The key to growing Africa’s automotive industry and its industrial footprint lies in policy certainty. This is according to the chairperson of the African Association of Automotive Manufacturers (AAAM) and Volkswagen Group South Africa (VWSA) managing director, Thomas Schäfer.

Policies such as the South African government’s revised Automotive Production and Development Plan (APDP) will give stability and direction to the local automotive industry up until 2035. This is an attractive aspect for investors who are looking for strong industries to support in Africa.

“The [APDP] policy is in good shape. It will help the country and the industry to move to the next level,” says Schäfer. The APDP will push South African car manufacturers to use 60% local parts on all their locally-produced vehicles. It also paves the way for employment growth and increased market reach.

Policies should encourage exportation of vehicle parts

Stable policies in the African automotive sector should also encourage the exportation of vehicle components. The South African APDP allows car manufacturers to build extra parts and export all over the world. This means that manufacturers can produce more components than needed and reap additional benefits through exportation.

These types of policies mean that local manufacturers can create parts for parent companies in Europe, America and Asia. They enable industry growth and support the development of African industry through economies of scale. Africa has many valuable natural resources such as platinum, copper, rubber and oil that are fundamental to automotive parts manufacturing.

“In Africa, certain countries could be part of the automotive value chain. If we think of Africa differently, we could work together and have the numbers to support large-scale plants,” says Schäfer. “We just need a bit of flexible thinking,” he adds.

Policy certainty will support African businesses

The best way to grow the automotive industry in Africa is through policy certainty, which means that national governments need to step up to the plate. The AAAM is currently focusing on the development of automotive business and trade relations in Africa. The association also helps a number of African countries with the formulation of development policies.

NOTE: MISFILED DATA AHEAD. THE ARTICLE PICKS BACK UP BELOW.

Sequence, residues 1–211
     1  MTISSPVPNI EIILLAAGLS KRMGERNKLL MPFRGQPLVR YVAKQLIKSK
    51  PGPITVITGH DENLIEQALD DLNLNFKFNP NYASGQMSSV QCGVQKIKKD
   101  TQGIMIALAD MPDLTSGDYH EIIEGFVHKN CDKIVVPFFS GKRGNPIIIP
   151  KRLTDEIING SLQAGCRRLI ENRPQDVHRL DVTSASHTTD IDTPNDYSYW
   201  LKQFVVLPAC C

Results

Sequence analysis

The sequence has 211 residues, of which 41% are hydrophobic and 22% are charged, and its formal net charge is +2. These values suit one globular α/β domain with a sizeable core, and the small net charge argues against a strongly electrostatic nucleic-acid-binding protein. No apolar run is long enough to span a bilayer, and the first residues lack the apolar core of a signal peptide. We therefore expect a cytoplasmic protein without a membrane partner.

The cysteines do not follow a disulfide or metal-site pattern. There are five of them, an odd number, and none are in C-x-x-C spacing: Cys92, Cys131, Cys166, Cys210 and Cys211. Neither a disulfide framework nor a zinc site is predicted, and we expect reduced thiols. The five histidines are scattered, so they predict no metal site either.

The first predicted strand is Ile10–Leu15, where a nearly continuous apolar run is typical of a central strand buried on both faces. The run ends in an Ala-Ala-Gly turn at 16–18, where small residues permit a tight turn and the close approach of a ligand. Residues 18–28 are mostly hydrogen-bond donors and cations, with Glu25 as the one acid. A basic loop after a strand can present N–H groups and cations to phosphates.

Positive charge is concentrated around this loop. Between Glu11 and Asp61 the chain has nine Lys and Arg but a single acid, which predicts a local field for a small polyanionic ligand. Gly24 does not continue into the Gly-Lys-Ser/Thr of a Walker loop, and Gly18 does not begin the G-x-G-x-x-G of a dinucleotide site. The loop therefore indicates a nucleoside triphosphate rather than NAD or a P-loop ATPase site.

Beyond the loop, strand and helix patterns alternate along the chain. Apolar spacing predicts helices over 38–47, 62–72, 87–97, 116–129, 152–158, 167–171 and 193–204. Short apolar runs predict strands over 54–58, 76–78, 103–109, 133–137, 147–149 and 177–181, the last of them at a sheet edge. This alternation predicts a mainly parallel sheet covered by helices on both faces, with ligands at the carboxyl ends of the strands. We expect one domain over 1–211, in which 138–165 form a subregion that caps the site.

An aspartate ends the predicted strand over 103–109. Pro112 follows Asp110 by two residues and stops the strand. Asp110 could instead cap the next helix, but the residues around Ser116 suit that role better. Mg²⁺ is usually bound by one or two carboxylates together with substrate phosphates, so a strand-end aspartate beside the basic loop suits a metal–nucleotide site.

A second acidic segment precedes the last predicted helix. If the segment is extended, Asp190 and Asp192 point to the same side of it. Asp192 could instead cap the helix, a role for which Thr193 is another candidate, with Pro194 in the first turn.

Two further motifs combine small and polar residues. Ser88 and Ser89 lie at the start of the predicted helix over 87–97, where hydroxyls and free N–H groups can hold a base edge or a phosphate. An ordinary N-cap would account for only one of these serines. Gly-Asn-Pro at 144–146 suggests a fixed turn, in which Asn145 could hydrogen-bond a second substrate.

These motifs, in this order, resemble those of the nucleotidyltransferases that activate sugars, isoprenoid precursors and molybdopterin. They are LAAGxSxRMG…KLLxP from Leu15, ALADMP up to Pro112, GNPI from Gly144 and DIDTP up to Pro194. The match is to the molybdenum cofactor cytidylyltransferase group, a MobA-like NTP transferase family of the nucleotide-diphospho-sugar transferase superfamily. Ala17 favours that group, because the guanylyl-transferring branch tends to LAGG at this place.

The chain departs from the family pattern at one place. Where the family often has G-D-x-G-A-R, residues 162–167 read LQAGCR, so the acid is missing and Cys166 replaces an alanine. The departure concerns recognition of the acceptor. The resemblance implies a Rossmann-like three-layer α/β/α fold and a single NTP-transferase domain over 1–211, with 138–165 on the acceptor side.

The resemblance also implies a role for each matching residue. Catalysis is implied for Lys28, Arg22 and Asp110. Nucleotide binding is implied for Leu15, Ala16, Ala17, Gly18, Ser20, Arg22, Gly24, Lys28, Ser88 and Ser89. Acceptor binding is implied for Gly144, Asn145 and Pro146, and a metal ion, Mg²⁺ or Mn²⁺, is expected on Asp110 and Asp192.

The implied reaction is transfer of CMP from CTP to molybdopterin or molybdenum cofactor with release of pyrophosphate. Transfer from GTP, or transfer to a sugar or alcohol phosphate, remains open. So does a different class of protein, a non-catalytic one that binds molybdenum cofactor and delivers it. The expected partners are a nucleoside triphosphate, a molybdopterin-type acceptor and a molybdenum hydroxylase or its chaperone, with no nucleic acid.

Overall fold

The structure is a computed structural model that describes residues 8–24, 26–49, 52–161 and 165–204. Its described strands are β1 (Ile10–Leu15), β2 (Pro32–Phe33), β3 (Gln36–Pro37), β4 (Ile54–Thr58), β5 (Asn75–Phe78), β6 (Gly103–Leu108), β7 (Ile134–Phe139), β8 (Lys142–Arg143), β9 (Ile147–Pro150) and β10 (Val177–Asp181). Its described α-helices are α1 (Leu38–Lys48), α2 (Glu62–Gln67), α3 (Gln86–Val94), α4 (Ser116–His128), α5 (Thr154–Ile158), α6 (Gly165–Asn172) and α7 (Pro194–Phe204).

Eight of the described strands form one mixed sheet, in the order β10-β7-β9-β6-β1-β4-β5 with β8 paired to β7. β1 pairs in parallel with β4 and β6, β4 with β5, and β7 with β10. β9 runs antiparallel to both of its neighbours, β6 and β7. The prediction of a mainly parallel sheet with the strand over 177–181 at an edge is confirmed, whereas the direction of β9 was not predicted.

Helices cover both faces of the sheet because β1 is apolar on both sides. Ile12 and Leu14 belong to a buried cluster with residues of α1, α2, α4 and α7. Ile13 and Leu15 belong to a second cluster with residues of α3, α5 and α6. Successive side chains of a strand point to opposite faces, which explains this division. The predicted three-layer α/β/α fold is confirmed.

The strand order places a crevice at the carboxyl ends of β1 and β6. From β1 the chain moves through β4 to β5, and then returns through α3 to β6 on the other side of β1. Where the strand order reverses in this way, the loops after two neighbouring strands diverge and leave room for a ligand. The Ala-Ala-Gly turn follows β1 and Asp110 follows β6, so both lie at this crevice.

Schäfer notes that Ghana has also recently drafted a policy with the help of the AAAM – and he regards this policy as “probably the best on the continent.” This is an encouraging step in the right direction for African automotive parts manufacturers. This policy will guide Ghana through one of Africa’s greatest challenges to the industry – the large-scale importation of second-hand vehicles from Japan and China. Ghana will start phasing out the importation of these vehicles as they grow their own automotive industry.

Schäfer also notes that two other African countries have the potential to support major automotive industries of their own; Nigeria and Ethiopia. However, no supporting policies exist in these countries yet. A lack of foreign currency and will to implement such policies is holding them back for the time being.

South Africa can increase local production if all players align

Although South Africa has a strong policy in the form of the APDP, Schäfer notes that industry players are not always aligned and this can slow down growth. Banks, workers’ unions, government and industry need to work together for the good of the industry. Local production is currently 0.6% of global output.

I believe we could play a major role [in the global industry]. We have the workforce we need and wonderful resources, but we need to work together strategically and stop fiddling around with small nuts and bolts,” says Schäfer. South African vehicle exports grew to 9.8% in 2018. This growth is expected to continue if all players are on the same page and the government policies remain in place after the national elections.

Formex Industries is a metal forming and assembly company that supplies a variety of complex products to the local automotive industry and export market. The company is based in the Nelson Mandela Bay metropole, South Africa’s foremost region for automotive manufacturing and export.

Formex specialises in producing components for the catalytic converter industry, as well as metal components and assemblies for the various vehicles. Formex aims to become one of the foremost suppliers for the South African automotive industry by 2035, aligning itself with the South African Automotive Masterplan (SAAM) which takes effect in 2020.

Formex is a Level 2 B-BBEE supplier with over 80% black ownership, of which more than 40% are black women. The company is owned by Deneb Investments Limited – a subsidiary of Hosken Consolidated Investments Limited (HCI) – one of South Africa’s biggest true B-BBEE companies listed on the Johannesburg Stock Exchange (JSE).

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